post by Gregor Engelmann (2014 cohort) and Maria Catalina Ochoa
The coronavirus (COVID-19) and lockdown measures have created immense challenges for urban transport. But they also provide an opportunity for cities to rethink the future of mobility. Cycling, in particular, is enjoying renewed attention. This is not surprising, as biking offers many advantages that make it an attractive form of urban transport both during and after the pandemic: bicycles can ease the pressure on public transit systems, allow for easy social distancing, contribute to better public health, and reduce air pollution.
Yet we have a long way to go before cycling can become a mainstream transport option for urban residents. Motorized transport is often the default choice—even to destinations within easy cycling distance—and most observers are concerned that traffic will come right back once the virus subsides.
One major obstacle is infrastructure… or the lack thereof. Even in cities that have actively promoted cycling, such as Rome, Paris, or Bogotá, cycling networks are often fragmented, forcing cyclists to make use of busy and dangerous roads. Over the past decade, Bogotá has constructed 500 km of bike paths, locally known as ciclorrutas. These have contributed to a big increase in daily cycling trips, from 421,000 in 2011 to 635,000 in 2015. Despite this investment, gaps in the network and maintenance issues continue to affect the paths’ usage and residents’ overall mobility.
If we’re serious about harnessing the full potential of cycling, it’s essential that cities address these issues and connect disjointed bike paths into cohesive, user-friendly networks. But where do you start? With limited fiscal resources, which parts of your city should you focus on to expand biking infrastructure? How can you ensure cycling investments benefit the highest number of people?
To answer these questions, urban planners traditionally rely on online or household surveys. But these are slow and expensive, often taking months or years from initial data collection to the planning stage. Recent advances in digital technology, however, are creating new ways to collect and analyze data. Insights from anonymized mobile phone data are particularly promising.
In our latest research together with the Secretaria de Movilidad de Bogotá and UC Berkeley, we used Bogotá as a case study to show how mobile phone data can improve our understanding of mobility patterns and inform the planning of new infrastructure. We first tapped into data from a local fitness app called Biko to analyze how cyclists move around Colombia’s capital and identify the biggest gaps in the ciclorrutas. We also mined data from cell towers to get a better picture of overall mobility across all modes, including private cars, public transport, and walking. We found that there are 4.1 million short- to medium-length journeys across the city every day that could be completed using a bicycle instead of a car. This clearly demonstrates that potential demand for cycling in the city is much higher than the 635,000 average trips in 2015.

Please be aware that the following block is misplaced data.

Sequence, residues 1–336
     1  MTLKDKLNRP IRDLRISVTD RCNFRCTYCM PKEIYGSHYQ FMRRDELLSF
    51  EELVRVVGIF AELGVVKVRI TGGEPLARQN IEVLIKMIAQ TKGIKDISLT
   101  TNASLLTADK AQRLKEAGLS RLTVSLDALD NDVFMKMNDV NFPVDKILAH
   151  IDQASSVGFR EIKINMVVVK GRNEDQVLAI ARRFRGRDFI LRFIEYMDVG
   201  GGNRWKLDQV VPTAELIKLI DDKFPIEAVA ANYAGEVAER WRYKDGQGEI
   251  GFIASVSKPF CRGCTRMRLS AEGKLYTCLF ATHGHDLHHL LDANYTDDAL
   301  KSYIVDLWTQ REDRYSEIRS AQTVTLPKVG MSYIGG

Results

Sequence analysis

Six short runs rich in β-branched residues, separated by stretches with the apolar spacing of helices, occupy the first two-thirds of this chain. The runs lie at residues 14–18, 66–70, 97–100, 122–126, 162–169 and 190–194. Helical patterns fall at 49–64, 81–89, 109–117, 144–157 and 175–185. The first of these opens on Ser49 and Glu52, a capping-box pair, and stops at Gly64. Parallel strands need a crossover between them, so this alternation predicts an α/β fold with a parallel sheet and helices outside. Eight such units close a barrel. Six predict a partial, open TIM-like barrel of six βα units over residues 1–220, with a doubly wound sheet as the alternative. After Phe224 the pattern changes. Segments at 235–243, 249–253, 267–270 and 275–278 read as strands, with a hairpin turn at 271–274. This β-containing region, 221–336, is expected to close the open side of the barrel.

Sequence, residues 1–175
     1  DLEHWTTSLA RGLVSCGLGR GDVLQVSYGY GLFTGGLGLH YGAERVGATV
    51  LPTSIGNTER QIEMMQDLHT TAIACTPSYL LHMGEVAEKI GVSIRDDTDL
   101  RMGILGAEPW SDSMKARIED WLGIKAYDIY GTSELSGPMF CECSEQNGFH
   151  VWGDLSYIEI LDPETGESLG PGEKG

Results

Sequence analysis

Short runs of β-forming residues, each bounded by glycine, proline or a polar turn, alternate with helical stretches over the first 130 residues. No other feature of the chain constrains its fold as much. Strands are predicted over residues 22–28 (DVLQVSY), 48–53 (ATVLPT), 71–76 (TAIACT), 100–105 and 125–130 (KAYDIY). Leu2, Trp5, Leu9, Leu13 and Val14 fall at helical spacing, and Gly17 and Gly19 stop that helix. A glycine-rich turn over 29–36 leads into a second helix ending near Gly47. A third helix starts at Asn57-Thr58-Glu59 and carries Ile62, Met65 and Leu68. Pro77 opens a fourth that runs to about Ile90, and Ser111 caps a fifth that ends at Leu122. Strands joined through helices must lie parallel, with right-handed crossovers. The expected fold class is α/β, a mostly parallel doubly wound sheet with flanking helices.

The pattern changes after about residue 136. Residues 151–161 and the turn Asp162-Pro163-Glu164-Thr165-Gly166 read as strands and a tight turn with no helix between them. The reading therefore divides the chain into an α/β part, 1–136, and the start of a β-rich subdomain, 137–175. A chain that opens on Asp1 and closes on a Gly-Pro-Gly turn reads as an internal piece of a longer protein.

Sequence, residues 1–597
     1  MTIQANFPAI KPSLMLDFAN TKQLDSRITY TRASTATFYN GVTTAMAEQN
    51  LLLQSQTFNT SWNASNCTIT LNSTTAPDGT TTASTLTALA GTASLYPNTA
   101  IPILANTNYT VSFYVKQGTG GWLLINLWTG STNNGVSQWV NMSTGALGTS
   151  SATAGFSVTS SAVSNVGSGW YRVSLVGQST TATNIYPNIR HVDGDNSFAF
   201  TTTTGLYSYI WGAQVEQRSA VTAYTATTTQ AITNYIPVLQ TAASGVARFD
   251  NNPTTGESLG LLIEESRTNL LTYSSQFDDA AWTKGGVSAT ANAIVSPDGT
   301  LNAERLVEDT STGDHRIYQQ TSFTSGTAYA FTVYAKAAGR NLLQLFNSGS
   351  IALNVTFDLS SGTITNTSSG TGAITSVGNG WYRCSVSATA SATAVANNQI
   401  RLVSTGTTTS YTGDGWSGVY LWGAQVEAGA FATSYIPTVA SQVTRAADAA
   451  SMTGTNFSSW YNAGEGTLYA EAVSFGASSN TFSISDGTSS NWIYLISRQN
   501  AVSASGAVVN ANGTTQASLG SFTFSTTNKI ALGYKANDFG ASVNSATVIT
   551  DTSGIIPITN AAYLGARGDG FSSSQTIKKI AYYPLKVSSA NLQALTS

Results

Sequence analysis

Our analysis found a clear link between the presence of bike paths and the number of cycling trips tracked through Biko, while the inclusion of cell tower data highlighted how gaps in the ciclorrutas impacted the volume of potential cycling trips. We also noted that the cycling situation varies significantly from one neighborhood to the next depending on the socioeconomic context: this is particularly evident across low-income areas south of the center, where bike paths are less common and cycling accounts for a smaller proportion of trips vis-a-vis its potential. Hence the paper recommends prioritizing infrastructure investment in the southern area and in a series of specific links throughout the city to address the potential demand, where a lot of short trips are happening that are well-suited for cycling.
Already a cycling champion in its region, Bogotá is now better equipped to design a more comprehensive cycling network that would fit the projected demand and provide citywide connectivity. In an ideal scenario, that means cyclists would be able to complete their journeys safely and seamlessly without having to leave a bike path.
More broadly, our research demonstrates how mobile phone data can help gain insight into mobility trends and anticipate future needs. If used properly, Big Data can lead to better decision-making, improve development outcomes, and help decision-makers respond quickly and effectively to unexpected challenges such as COVID-19. And of course, as more and more people carry phones in their pockets, the approach we piloted in Bogotá can easily be replicated elsewhere.
Whatever the post-COVID reality looks like, it’s safe to say that data-driven planning will become an integral part of our new normal. We are excited to see what Big Data has in store for urban transport, and we stand ready to help cities make the most of it.
–originally posted on World Bank blog